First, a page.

1. This is a very interesting article, but I think it’s very clear which side you come down on! I would tend to agree and you have laid the key points out nicely to create a strong argument for the cat. I have been on both, but I’m definitely not a sailor, but the thing I remembered the most was the smoother ride that you get with the cat. So I agree with you!

    • Hi Ruth,

      Yes, you get a smoother ride with a Cat than with a Mono due to the two hulls and not to forget that the Cat is lighter than a Mono:)

      Thank you for the comment

      I wish you a great day!

  2. Hello Daniella, I am mostly a ballast when sailing but thank you for this nice article.
    I’ve been curious what are the differences of catamarans vs monohulls and thanks to You now i have a little better understanding. And since i was sailing on monohull now it’s time to check out catas 😉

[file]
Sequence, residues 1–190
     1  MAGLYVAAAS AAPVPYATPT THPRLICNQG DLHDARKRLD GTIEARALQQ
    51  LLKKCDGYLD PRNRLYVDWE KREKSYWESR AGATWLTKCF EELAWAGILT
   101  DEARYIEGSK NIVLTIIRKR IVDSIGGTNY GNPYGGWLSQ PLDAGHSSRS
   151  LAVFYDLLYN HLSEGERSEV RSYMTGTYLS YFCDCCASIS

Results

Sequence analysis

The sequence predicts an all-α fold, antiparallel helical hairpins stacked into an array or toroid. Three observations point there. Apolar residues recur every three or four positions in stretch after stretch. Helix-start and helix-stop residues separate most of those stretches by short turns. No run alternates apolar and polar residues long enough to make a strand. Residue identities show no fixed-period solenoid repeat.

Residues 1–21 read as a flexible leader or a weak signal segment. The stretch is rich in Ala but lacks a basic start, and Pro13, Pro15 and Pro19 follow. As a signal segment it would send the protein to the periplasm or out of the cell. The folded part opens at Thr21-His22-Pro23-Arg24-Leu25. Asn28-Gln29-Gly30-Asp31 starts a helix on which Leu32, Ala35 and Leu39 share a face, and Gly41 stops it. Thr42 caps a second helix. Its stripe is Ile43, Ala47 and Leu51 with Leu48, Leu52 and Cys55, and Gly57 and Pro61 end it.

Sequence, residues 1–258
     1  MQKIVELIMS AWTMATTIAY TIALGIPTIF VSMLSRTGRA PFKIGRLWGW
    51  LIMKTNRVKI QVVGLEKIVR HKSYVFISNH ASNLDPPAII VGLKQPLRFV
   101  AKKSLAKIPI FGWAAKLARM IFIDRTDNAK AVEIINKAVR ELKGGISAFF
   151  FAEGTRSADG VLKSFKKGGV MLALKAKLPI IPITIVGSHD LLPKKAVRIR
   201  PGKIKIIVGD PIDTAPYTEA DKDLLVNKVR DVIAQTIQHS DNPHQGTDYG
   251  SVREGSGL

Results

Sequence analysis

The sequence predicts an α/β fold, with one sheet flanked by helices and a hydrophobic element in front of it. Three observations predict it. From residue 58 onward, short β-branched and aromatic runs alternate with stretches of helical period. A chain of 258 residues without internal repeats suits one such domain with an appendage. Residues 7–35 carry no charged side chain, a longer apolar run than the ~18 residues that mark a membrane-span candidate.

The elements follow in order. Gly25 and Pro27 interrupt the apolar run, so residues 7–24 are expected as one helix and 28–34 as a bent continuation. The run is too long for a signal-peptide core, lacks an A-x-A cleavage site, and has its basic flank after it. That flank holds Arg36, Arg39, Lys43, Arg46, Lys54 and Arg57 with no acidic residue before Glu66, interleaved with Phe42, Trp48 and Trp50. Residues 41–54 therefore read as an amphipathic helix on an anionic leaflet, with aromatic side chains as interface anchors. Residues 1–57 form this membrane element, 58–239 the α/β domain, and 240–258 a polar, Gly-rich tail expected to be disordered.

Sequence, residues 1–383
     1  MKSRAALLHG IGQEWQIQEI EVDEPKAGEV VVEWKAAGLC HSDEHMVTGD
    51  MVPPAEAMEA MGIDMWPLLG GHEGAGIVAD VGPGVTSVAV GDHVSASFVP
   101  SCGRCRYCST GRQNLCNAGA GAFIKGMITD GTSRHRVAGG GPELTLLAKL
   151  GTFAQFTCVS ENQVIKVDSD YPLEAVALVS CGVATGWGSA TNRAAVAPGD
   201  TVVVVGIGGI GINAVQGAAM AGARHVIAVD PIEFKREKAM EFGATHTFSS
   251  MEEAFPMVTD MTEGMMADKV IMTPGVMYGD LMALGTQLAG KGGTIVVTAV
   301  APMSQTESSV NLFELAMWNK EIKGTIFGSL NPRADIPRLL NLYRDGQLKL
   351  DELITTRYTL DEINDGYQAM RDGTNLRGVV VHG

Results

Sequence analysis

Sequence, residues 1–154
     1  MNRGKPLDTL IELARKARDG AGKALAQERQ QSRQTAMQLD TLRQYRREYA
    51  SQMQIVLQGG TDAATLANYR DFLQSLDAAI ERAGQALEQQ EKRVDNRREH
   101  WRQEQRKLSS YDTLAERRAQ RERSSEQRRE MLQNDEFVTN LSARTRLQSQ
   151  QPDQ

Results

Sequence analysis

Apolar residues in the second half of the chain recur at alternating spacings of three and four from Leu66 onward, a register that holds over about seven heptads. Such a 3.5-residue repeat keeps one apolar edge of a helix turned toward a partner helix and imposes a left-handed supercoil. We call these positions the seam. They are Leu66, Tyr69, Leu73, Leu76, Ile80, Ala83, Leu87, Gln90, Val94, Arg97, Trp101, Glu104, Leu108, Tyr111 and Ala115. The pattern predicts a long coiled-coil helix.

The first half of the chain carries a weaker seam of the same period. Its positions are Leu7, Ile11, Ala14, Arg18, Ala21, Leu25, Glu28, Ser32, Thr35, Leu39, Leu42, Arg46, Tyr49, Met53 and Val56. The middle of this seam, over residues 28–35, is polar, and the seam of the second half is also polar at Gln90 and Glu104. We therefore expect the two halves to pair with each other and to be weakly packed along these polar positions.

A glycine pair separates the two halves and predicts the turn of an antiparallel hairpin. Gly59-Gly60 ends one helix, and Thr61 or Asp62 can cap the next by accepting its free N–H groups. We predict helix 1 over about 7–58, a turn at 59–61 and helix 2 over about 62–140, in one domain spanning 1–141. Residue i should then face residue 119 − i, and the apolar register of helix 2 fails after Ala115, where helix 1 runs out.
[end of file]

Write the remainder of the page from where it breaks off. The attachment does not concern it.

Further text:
Maybe You could you provide some more information about renting prices of catas vs mono ? I couldn’t find it here and I think it could also play a big factor when chartering a yacht.

    • Hi Jerry,

      You are right, I didn’t mention this important detail. Sorry about it! Here is the answer. A Catamarans is generally more expensive than a monohull of the same size and the reason is because the cat is a larger boat. But you’ll get the payback in the comfort and space.

      I hope it helped!

      Thank you for the comment and wish you a nice day

  3. For myself I have always owned a mono haul sailboat for the fun of sailing around. To actually do a trip on one with others, I would choose the more spacious catamaran for down south in the warmer waters.

    Not knowing much about the catamaran, it was nice to read a side by side description to have a better understanding between the two.

    • Hi Travis,